A legal organization fighting for the release of pregnant and postpartum women held in the Etowah County Jail has just launched a fund to help provide local attorneys, video visitation fees and personal hygiene supplies.
Lawyers from National Advocates for Pregnant Women are serving as co-counsel with local attorneys for three women who have been incarcerated in the jail on bail they deem unconstitutional. Those charged with chemical endangerment, a charge in Alabama often applied to women who use drugs during pregnancy, are required to enter rehab in order to leave prison before trial.
As Al.com reported yesterday, those conditions locked a woman in jail for three months after she admitted to smoking marijuana early in her pregnancy. She was ineligible for rehab, according to court documents. A judge ordered that she be released to a community correctional facility three months after her arrest.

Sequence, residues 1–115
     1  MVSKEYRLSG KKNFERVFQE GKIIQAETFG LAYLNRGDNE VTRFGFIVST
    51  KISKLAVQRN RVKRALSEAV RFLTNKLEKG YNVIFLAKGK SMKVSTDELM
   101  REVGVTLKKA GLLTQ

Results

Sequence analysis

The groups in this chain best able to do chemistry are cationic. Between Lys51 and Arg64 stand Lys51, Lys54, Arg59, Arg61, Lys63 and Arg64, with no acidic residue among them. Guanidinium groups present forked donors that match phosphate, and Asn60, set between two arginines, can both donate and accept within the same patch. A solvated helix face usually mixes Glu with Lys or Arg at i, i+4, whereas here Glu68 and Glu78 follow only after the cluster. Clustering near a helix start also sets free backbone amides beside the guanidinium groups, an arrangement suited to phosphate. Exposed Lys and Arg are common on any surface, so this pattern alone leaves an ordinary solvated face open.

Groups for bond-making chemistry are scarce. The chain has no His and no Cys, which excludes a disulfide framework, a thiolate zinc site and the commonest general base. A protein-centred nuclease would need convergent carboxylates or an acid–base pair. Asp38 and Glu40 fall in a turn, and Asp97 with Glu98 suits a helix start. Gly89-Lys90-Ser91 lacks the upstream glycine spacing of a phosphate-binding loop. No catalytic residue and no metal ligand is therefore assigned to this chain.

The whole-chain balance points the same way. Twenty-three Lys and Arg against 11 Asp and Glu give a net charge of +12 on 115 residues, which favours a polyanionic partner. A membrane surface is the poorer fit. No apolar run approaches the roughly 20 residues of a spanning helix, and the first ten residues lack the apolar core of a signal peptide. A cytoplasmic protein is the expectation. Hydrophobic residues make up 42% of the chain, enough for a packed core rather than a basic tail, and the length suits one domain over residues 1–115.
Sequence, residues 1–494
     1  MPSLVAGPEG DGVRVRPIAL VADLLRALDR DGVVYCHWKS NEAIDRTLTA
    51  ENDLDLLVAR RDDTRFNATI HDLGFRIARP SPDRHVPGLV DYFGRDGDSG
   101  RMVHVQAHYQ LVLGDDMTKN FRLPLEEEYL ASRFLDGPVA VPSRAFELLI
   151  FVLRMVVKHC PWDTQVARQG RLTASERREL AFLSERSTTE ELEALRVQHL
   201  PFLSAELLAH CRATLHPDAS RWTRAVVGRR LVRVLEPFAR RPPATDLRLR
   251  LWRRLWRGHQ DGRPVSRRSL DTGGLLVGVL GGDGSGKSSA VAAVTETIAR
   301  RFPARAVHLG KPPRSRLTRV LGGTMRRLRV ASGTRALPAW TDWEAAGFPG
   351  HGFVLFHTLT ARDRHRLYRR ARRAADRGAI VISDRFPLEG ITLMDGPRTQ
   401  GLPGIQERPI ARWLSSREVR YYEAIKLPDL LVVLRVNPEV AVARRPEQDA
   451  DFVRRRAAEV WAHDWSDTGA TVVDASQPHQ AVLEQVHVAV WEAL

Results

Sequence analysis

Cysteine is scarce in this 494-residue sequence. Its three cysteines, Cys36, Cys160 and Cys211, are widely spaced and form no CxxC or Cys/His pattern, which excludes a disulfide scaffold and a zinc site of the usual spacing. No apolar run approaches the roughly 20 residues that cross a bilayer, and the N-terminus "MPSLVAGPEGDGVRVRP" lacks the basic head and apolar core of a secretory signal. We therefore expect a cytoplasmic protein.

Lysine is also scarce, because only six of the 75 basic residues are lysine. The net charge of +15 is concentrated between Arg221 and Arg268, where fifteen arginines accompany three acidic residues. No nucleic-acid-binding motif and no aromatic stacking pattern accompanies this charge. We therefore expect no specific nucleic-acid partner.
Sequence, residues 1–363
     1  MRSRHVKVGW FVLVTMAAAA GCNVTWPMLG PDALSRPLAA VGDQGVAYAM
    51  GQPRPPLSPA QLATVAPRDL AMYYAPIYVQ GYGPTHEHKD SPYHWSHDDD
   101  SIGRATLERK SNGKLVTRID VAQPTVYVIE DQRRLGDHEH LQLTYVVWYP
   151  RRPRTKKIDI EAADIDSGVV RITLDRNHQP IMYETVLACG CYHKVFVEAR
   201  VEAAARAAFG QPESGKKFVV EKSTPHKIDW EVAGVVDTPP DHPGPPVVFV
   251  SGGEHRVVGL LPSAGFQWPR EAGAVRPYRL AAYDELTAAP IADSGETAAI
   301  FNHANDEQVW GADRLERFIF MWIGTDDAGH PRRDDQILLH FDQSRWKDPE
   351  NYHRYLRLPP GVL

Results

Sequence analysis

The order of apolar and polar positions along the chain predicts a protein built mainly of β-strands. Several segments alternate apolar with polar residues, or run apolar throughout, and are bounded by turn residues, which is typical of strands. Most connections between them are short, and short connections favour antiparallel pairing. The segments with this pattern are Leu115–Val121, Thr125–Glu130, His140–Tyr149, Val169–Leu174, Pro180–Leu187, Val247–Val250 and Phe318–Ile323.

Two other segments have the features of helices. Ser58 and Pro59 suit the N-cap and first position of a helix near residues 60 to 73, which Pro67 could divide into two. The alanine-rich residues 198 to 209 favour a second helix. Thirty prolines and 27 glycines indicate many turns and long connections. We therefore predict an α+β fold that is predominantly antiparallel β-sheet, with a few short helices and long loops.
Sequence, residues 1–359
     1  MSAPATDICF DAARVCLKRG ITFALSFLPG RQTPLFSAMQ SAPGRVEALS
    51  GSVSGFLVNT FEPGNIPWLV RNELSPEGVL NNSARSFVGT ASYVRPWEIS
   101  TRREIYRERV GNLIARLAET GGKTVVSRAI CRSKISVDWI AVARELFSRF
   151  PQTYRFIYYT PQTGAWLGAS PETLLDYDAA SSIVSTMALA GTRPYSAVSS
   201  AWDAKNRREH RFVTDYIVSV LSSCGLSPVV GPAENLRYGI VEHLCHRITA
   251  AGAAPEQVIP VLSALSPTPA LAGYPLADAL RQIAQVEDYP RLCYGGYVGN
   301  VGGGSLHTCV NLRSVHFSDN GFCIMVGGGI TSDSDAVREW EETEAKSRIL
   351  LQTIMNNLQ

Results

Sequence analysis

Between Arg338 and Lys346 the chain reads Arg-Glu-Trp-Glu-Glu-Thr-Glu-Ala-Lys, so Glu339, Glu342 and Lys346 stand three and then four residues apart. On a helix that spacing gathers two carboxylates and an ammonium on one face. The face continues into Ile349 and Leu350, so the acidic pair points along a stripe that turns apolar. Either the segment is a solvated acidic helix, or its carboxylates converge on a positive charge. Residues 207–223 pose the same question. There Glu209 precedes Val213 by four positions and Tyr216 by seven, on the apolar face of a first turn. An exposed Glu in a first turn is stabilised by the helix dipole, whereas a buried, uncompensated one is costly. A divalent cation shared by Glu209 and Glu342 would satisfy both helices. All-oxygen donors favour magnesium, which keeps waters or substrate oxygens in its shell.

Another client, new mother Hali Burns, remained in jail for several months. She was arrested in hospital after the birth of her son because she failed two drug tests during her pregnancy. Burns disputes those test results, which she says were triggered by sinus and prescription drugs.
Burns and her family tried to get her admitted to rehab, but that effort took a hit when she failed a drug test ahead of her transfer in August. Her attorneys said Burns suffered from depression in prison and was in danger due to her exposure to drugs inside the facility.
Prosecutors defending the policy say it aims to provide treatment and help for people with substance use disorders. They argued that exposure to drug use by parents can harm babies and older children.